I have just finished writing the fiftyeth million response to a blogger who feels she is frittering her life away on line. Okay, it wasn't the fiftyeth million, but it seems like I'm saying the same thing to a lot of people. So I'm gonna say it here too. But first, my bonafides: I have been a writing teacher. People, universities even, have paid me to teach students of all ages and capabilities to write. I've taught elderly ladies and male felons, but those are stories for another day. I tell you this so you'll know I know what I'm talking about. And believe me!
All the desire in the world won't make you a writer. For that, you have to work. And working for a writer is reading and thinking and writing and rewriting.
Blogging is just another genre of writing, not inferior or superior to any other in and of itself. You can practice writing the Great American Novel by writing on your blog. You can learn how to write by reading other's blogs. The work involved is this: when you're reading blogs, try to figure out what it is you like (or dislike) about a particular writer. Try on techniques that they use. See if you have a like-sounding voice that you can fool around in. Figure out what you don't like about a blog or a writer's voice or...or...whatever. You figure it out. Think about it.
Then, when you're writing your blog, don't just hit publish and let it go. I've had years of experience at writing fast, but I NEVER do a blog post that is first draft, final draft. I preview my drafts and reword and rewrite and--goddamit--REVISE the thing until I deem it publishable. That doesn't mean it's perfect, because God knows I'd never publish if I held myself up to that. But it does say what I want it to say clearly and in a way that makes me proud. At least for that day.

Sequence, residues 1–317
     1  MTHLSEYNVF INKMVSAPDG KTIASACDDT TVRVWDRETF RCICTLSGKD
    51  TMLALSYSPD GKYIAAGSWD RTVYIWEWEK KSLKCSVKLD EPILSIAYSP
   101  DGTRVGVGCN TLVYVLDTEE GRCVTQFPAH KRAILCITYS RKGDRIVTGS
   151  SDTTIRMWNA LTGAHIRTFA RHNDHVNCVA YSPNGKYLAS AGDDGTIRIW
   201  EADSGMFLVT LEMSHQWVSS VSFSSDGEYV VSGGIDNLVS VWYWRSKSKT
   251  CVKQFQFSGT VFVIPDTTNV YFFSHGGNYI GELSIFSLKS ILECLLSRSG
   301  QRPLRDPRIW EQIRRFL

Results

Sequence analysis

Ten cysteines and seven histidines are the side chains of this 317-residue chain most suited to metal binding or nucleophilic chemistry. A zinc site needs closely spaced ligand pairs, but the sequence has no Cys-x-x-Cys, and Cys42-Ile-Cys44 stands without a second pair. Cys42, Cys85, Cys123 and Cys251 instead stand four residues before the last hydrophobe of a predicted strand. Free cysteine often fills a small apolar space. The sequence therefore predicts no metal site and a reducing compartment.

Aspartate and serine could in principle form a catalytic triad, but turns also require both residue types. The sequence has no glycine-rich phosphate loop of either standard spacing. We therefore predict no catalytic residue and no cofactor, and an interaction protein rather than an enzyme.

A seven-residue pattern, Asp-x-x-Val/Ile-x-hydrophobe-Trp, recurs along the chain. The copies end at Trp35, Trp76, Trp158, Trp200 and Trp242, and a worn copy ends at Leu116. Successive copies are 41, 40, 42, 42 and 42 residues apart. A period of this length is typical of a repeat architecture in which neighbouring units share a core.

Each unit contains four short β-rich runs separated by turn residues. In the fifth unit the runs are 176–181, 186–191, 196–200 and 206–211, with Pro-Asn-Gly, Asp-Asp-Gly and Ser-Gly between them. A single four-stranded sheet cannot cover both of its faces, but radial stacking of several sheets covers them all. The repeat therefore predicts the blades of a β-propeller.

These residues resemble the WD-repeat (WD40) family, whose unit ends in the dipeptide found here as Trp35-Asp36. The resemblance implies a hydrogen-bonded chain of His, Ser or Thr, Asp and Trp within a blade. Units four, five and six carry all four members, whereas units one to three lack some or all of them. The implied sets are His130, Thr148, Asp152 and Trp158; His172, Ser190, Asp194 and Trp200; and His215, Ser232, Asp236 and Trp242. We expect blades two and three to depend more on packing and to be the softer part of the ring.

All the talk about blogging being inferior and self-indulgent is just so much hoo-hah. It's genre-ist, if I may coin a word, coming in somewhere under racist and sexist and ageist and ist-ist. Don't let Them--be they friends, family or artful critics--get away with it. Don't allow blogger to become another word that must be known only by its initial.
BlogWriters of the World--unite! Stand tall and stand proud. When you're asked what you do, answer "I'm a writer." And when the followup question is, "Oh, what do you write?" Look them in the eye and say, I publish my writing on-line. Because that's what a blog is: writing that is published on line. It's neither better than nor worse than writing that has been published on paper. It is what it is, and that's the best we can say about any creative work.